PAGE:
Last Updated on March 6, 2021 by Oddmund Groette
Some months ago I wrote an article about the historical performance of so-called “sin stocks”. Tobacco companies have performed the best in the US, and alcohol stocks in the UK. In this article, I briefly argue for the reasons why and why they most likely continue to outperform.
Tobacco stocks outperform because they have high margins, regulation creates a big moat and make it hard to compete, it’s impossible to create new brands, the price is inelastic, and they “always” trade at a discount to the market.
High margins and cashflows:
Margins are very high. For example, 27% of the revenue ends up as free cashflow for Philip Morris and CAPEX is a tiny 3% of the revenue. Little working capital is required and more can be handed back to shareholders in the form of dividends or buybacks.
Regulation creates a big moat:
Tobacco is among the most regulated industries on this planet. Everything is regulated in detail: how to package, where to display tobacco in the stores (some countries don’t allow to display it all), it’s illegal to advertise in most countries, etc. The regulations are almost endless. Needless to say, this obviously creates huge barriers to entry for potential competitors. The big tobacco companies have the arena all by themselves.
Many decades of regulation and constant litigation from governments and activists have made tobacco companies develop enormous knowledge and expertise in this field. New competitors don’t have this knowledge. Why did Altria take a strategic position in JUUL Labs? I believe the main reason is that Altria knows how to navigate among the lawmakers, something JUUL clearly needs right now. I believe this acquisition will turn out nicely later.
Difficult to create new brands:
Because tobacco ads in most countries are banned, how can new companies create new brands? It’s basically impossible unless you innovate new products like IQOS or vaping. The current tobacco brands have been around for a very long time and change is very slow.
Unlikely to be outright banned:
I have never heard from serious sources suggestions to outright ban tobacco, and I believe this is unlikely to happen.
In any other industry, I believe it would be likely to raise concerns about antitrust. But to this day I have not heard any regulator mention this about tobacco companies, even though the market is controlled by just a few big multinationals. It’s close to an oligopoly.
Tobacco has been in use for a long time:
Tobacco has been used for centuries, and anything that has been in existence for many centuries is unlikely to disappear overnight. Tobacco is timeless. Nassim Taleb explained the Lindy effect in Antifragile, and this is perhaps very relevant for tobacco.
The demand for cigarettes has historically proven to be inelastic. If prices go up, smokers simply keep smoking no matter what. The addictive nature makes users less sensitive to price. Not even social stigma stop smokers.
The trend of falling cigarette shipment being offset by higher prices has continued for a long time. In the US a pack of 20 cigarettes costs around 8-9 USD, while a similar pack costs around 11-14 in Europe. In Australia, a pack costs closer to 20 USD (source: Morningstar). Altria shipped 40% fewer cigarettes in 2019 compared to 2010, but EPS increased from 1.5 to over 4 in the same period.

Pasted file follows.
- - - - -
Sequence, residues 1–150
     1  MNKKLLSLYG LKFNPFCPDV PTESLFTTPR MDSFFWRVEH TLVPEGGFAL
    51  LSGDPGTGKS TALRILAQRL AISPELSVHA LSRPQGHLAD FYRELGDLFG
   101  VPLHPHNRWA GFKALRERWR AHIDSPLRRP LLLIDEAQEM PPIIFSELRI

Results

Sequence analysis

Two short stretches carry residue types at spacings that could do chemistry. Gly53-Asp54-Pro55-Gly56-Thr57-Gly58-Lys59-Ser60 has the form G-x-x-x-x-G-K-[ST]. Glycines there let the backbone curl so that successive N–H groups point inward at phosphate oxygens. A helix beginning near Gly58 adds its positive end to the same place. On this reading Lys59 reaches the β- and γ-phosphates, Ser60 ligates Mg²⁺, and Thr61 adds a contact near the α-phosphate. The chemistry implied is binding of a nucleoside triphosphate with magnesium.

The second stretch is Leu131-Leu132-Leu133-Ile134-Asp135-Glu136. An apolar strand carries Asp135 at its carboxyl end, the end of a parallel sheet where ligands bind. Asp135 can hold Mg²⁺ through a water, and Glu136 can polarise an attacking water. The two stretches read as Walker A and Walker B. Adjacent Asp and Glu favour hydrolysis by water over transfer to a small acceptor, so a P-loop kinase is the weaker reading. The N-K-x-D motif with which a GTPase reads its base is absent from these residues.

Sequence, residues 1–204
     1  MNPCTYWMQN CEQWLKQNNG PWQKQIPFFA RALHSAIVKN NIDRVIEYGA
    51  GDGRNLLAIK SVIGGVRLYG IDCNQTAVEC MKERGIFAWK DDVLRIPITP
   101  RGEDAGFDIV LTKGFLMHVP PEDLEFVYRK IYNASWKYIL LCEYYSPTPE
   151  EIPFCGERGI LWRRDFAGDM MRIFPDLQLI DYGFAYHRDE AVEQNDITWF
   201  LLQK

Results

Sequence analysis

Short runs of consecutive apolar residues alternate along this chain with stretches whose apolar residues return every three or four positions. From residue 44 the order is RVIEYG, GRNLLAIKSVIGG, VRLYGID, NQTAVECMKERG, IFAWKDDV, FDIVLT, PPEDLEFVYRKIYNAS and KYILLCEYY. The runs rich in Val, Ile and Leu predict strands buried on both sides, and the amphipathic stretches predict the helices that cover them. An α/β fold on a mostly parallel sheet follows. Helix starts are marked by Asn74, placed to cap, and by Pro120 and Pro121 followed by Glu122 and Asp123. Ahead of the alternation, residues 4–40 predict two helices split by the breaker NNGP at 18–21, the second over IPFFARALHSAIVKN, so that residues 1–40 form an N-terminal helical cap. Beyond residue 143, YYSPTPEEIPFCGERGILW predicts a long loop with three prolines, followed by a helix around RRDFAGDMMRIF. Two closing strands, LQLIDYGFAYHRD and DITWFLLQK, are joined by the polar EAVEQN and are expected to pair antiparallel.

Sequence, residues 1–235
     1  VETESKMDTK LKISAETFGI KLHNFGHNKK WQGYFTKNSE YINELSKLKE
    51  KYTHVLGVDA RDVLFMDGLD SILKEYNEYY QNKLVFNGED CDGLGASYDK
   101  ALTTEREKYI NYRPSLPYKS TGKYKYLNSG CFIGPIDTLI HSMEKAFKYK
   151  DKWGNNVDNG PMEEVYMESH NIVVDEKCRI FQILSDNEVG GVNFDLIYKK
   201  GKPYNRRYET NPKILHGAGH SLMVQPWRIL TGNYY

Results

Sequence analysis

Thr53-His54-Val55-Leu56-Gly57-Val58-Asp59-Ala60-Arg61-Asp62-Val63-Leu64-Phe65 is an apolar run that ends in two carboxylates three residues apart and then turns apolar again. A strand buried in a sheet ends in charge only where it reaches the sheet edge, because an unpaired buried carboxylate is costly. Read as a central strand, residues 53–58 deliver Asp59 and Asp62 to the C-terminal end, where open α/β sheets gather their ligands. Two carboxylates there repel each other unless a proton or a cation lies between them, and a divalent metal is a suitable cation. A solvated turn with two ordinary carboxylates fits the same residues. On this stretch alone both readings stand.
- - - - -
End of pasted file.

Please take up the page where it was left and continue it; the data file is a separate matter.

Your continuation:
“Always” cheaper than the market:
Tobacco companies are always fighting litigation and activists. As such, headlines are steady negative and this leads to a discount in valuation compared to the overall market. Thus buybacks and DRIP can be done at cheaper prices than in other stocks, something that pays off further down the line. As I have written before: if you are a net buyer of stocks in the future you want to pay as little as possible for the earnings:
If you are going to be a net buyer of stocks in the future, either directly with your own money or indirectly (through your ownership of a company that is repurchasing shares), you are hurt when stocks rise. You benefit when stocks swoon. Emotions, however, too often complicate the matter: Most people, including those who will be net buyers in the future, take comfort in seeing stock prices advance. These shareholders resemble a commuter who rejoices after the price of gas increases, simply because his tank contains a day’s supply.
Back in 1999, Philip Morris was trading at very low valuations because the Marlboro-man was outlawed: tobacco advertising was banned from 2000. This turned out to be a good time to buy Philip Morris as it compounded double digits in the next decades.
ESG-investing is on the rise and yet again tobacco stocks are out of favor. Most institutions can’t invest in tobacco stocks and I suspect most of the fund managers don’t smoke themselves (neither do I). I believe the common perception is that tobacco companies are going to “extinction” (always).
No investments are guaranteed a positive return. Not even tobacco stocks. However, a constant flow of negative news is exactly what makes them a good investment. The market is trading at a P/E of 25 and higher, while Altria is at 10 and Philip Morris at 15. Over the next decade, I believe both will return double digits return.
Other relevant articles:
- Is Altria a good investment at a P/E of ten?
- 11 reasons to own Philip Morris International
- Sin stocks and performance
Disclosure: I am long both Altria and Philip Morris. I am not a financial advisor. Please do your own due diligence and investment research or consult a financial professional. All articles are my opinion – they are not suggestions to buy or sell any securities.